Read & Study the Bible Online - Bible Portal
Matthew Henry

Matthew Henry's Complete Commentary - Luke 15:1-10

Here is, I. The diligent attendance of the publicans and sinners upon Christ's ministry. Great multitudes of Jews went with him (Luke 14:25), with such an assurance of admission into the kingdom of God that he found it requisite to say that to them which would shake their vain hopes. Here multitudes of publicans and sinners drew near to him, with a humble modest fear of being rejected by him, and to them he found it requisite to give encouragement, especially because there were some haughty... read more

William Barclay

William Barclay's Daily Study Bible - Luke 15:1-7

15:1-7 The tax-collectors and sinners were all coming near to Jesus to hear him, and the Pharisees and scribes were murmuring, saying, "This man welcomes sinners and eats with them." He spoke this parable to them. "What man of you," he said, "who has a hundred sheep, and who hast lost one of them, does not leave the ninety-nine in the wilderness and go after the one that is lost until he finds it? And when he finds it, rejoicing he lays it on his shoulders; and when he comes home he... read more

John Gill

John Gills Exposition of the Bible Commentary - Luke 15:4

What man of you having an hundred sheep ,.... A flock of sheep, consisting of such a number; See Gill on Matthew 18:12 , if he lose one of them , by straying from the flock, doth not leave the ninety and nine in the wilderness , upon the common where they were feeding, and go after that which is lost until he find it ? by which parable Christ vindicates his conduct in conversing with sinners, and neglecting the Scribes and Pharisees; for if it was right for an owner of an... read more

Adam Clarke

Adam Clarke's Commentary on the Bible - Luke 15:4

What man of you - Our Lord spoke this and the following parable to justify his conduct in receiving and conversing with sinners or heathens. A hundred sheep - Parables similar to this are frequent among the Jewish writers. The whole flock of mankind, both Jews and Gentiles, belongs unto this Divine Shepherd; and it is but reasonable to expect, that the gracious proprietor will look after those who have gone astray, and bring them back to the flock. The lost sheep is an emblem of a... read more

Spence, H. D. M., etc.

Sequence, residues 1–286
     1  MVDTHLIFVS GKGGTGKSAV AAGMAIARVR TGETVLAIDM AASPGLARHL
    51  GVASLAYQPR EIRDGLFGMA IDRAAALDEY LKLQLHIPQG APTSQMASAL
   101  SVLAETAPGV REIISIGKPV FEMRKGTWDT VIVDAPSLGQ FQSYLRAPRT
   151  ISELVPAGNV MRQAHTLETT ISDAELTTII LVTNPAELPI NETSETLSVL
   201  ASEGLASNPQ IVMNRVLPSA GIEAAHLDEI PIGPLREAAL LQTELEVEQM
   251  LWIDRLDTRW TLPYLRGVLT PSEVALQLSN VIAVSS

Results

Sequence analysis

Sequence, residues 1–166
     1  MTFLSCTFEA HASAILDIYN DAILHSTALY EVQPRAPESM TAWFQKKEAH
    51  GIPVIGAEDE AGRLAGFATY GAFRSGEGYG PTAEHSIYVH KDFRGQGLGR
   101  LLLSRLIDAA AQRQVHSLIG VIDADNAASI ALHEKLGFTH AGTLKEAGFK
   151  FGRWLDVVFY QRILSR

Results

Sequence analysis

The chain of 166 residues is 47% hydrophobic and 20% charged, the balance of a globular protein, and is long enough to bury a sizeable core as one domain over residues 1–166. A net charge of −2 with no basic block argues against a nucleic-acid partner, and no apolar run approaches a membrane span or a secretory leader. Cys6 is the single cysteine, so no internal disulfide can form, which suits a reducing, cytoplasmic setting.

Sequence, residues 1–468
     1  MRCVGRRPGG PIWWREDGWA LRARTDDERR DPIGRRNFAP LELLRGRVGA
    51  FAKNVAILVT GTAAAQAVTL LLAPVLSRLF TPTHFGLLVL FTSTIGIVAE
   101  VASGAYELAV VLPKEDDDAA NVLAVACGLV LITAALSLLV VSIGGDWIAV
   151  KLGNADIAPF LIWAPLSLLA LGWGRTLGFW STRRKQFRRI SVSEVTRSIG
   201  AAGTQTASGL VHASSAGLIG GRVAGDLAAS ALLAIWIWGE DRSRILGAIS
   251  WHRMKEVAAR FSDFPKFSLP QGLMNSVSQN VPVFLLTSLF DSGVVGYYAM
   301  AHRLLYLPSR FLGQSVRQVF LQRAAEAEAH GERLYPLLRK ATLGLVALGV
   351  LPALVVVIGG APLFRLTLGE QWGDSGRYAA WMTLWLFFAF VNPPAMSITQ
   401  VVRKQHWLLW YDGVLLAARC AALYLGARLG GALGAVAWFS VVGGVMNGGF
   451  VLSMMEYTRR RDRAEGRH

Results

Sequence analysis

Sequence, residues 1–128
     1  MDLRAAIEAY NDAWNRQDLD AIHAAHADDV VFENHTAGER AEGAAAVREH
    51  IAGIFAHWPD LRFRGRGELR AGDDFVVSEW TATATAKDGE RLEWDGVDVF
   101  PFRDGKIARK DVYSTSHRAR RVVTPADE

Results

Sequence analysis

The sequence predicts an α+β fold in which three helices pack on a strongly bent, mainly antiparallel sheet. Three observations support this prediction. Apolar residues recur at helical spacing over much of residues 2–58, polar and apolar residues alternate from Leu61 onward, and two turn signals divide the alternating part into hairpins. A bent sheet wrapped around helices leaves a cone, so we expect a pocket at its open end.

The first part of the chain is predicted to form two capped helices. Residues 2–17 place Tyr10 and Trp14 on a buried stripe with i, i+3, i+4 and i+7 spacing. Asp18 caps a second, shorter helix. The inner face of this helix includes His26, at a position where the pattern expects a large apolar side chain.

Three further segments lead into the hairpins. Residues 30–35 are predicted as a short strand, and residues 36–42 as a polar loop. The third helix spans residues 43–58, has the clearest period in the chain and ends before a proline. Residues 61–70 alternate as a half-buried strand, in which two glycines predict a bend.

The Pulpit Commentary - Luke 15:1-10

Murmurs on earth, and joy in heaven. Our blessed Lord, in his progress towards Jerusalem, had shown the same kindly interest in the outcast classes which had always characterized him, and his love was beginning to tell. Publicans and sinners gathered eagerly around him to hear his tender, saving words; while the reputable Pharisees and scribes eyed him from a distance with self-righteous suspicion. Their murmurs, however inaudible to mere man, were audible to him to whom all things are... read more

Spence, H. D. M., etc.

The Pulpit Commentary - Luke 15:1-32

The Lord speaks his three parable-stories of the "lost," in which he explains his reason for loving and receiving the sinful. read more

Spence, H. D. M., etc.

The Pulpit Commentary - Luke 15:3-5

And he spake this parable unto them, saying, What man of you, having an hundred sheep, if he lose one of them, doth not leave the ninety and nine in the wilderness? Now, there are two leading ideas in the three stories—one on the side of the Speaker; one on the side of those to whom the parable-stories were spoken. read more

Spence, H. D. M., etc.

The Pulpit Commentary - Luke 15:3-7

The parable of the lost sheep. Of these three parables, illustrative of the grace of Christ shown to lost human souls, the first brings into view— I. THE GREAT FOOLISHNESS OF THE WANDERING SOUL . It goes from God as a foolish sheep strays from the fold. So doing, it leaves security for peril. In the fold is safety; in the wilderness are many and serious dangers. At home with God the soul is perfectly safe from harm; its life, its liberty, its happiness, is secure; but,... read more

Joseph Benson

Joseph Benson's Commentary of the Old and New Testaments - Luke 15:2-7

Luke 15:2-7. And he spake this parable That he might justify his conversing freely with sinners, in order to their reformation and salvation, he spake the parable of the lost sheep, which he had delivered once before, and also two other parables, which all declare, in direct contrariety to the Pharisees and scribes, in what manner God receiveth sinners. What man having a hundred sheep, &c. See note on Matthew 18:12-15. Doth not leave the ninety and nine in the wilderness Where they... read more

Group of Brands